The Sovereignty of God and The Responsibility of Man
Matthew 11:25–26 (ESV) … At that time Jesus declared, “I thank you, Father, Lord of heaven and earth, that you have hidden these things from the wise and understanding and revealed them to little children; yes, Father, for such was your gracious will.”
It is interesting that, precisely at the point where Jesus is reflecting on those who have rebelled against his ministry, he says, ‘Thank you, Father.’ We are (rightly) thankful when people do believe; Jesus is thankful even when they remain stubborn and rebellious. The source of his thankfulness is the fact that God is sovereignly in control of all these matters.
This passage is profoundly important for our understanding of the effectiveness of the gospel, as well as for our approach to gospel evangelism. On the one hand, Jesus emphasizes the absolute sovereignty of God in the matter of salvation. No one can be saved apart from God revealing himself to sinners. And God reveals himself only to those sinners whom he chooses. It may be a difficult doctrine, but it is unmistakably part of the gospel of Jesus: ‘no one knows the Father except the Son and anyone to whom the Son chooses to reveal him’ (v. 27). Jesus’ choice of us precedes our choice of him.
Yet no one is saved without choosing Christ. That is why, on the other hand, the doctrine of God’s sovereignty in salvation is to be taken hand in hand with the full and free offer of the gospel, written so majestically in these words: ‘Come to me’ (v. 28). Jesus offers himself and promises rest. He promises freedom from sin’s burden under his own yoke. His call is not to the strong and self-sufficient, but to the weak and the weary. These are the twin themes of all our gospel work: the sovereignty of God and the responsibility of man.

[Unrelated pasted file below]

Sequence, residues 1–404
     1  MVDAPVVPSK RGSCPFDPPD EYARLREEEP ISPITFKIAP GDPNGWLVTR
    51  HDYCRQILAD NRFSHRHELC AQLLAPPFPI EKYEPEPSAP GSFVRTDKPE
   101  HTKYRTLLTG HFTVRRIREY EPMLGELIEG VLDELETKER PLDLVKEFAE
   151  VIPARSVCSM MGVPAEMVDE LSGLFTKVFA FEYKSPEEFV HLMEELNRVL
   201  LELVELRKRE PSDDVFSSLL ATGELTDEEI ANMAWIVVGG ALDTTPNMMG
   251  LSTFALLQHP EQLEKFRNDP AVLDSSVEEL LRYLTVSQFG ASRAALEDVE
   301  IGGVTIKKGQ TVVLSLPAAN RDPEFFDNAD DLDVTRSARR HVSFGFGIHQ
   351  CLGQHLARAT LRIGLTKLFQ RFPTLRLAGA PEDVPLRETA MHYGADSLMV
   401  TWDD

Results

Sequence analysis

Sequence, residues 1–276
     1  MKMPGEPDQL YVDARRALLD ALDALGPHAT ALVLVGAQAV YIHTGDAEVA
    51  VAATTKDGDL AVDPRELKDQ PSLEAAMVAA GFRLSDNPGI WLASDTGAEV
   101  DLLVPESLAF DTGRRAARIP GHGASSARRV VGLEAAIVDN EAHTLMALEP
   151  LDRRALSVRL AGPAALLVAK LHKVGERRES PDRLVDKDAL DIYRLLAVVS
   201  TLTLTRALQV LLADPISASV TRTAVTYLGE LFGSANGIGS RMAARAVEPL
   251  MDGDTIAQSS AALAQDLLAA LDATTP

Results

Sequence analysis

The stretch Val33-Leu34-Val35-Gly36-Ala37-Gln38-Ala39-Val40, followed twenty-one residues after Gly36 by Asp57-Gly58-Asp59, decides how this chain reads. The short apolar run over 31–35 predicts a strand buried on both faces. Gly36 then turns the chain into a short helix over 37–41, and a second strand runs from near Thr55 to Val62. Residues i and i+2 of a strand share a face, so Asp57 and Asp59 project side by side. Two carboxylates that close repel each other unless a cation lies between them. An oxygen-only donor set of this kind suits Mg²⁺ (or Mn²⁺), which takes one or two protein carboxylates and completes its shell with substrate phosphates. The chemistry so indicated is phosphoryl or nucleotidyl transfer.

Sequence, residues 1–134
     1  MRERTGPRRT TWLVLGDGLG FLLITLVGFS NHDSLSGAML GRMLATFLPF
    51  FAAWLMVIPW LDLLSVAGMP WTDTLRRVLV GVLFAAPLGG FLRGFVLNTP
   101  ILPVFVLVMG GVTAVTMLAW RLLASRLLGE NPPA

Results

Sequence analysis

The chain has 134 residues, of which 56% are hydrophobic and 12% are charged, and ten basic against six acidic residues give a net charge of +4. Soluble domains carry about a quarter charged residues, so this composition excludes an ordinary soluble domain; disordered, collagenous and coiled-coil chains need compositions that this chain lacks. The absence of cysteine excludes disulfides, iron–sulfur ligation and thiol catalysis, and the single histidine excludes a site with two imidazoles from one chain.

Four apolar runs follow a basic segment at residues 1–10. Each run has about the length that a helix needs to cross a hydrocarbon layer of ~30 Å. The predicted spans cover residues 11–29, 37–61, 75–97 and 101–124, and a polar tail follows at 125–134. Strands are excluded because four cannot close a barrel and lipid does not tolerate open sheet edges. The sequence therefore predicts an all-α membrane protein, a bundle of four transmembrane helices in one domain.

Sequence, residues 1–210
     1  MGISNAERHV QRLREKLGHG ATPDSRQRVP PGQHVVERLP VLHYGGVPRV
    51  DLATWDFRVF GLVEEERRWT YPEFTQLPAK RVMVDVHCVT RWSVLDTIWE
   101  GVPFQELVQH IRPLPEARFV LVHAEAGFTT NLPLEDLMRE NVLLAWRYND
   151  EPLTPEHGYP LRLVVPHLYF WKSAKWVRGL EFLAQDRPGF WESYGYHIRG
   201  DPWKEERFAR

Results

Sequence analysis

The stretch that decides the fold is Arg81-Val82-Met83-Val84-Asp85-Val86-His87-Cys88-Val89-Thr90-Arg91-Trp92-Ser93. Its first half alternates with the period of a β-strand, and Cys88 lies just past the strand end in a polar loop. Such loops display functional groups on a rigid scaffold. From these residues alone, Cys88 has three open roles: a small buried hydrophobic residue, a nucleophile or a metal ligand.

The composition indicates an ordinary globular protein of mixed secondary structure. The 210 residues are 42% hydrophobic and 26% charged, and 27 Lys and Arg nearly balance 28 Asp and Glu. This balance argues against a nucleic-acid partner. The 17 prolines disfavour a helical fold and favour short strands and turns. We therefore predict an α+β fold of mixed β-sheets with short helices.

On one side the Lord put “the wise and prudent”—that is, the Pharisees, Sadducees, scribes, priests, rabbis, who thought they knew it all. They were sophisticated and versed in all the rules and rituals of religion and in the endless traditions of the elders. On the other side the Lord put “babes”—that is, His disciples, who were prepared to take the Lord at His word. For the most part they were simple souls, humble fisher folk, described by the intellectuals as “unlearned and ignorant men” (Acts 4:13).
Some people think that because they can figure things out (put two and two together, as we say), they have all the answers. They are hard to reach with the gospel. They are too clever to come to Christ, too good to be guided. On the other hand, some people are still able to see with the wonder and acceptance and faith of a child. To such the gospel appeals. God hides things from those who are wise in their own conceit and reveals them instead to those who will simply take Him at His word. It is the way God works.
We must always give the priority in the work of the gospel to God’s absolute sovereignty. But we must do so in a way that also does justice to the responsibility of each one of us to respond to the voice of the King.
 Campbell, I. D. (2008). Opening up Matthew (pp. 70–71). Leominster: Day One Publications.
 Phillips, J. (2014). Exploring the Gospel of Matthew: An Expository Commentary (Mt 11:25–26). Kregel Publications; WORDsearch.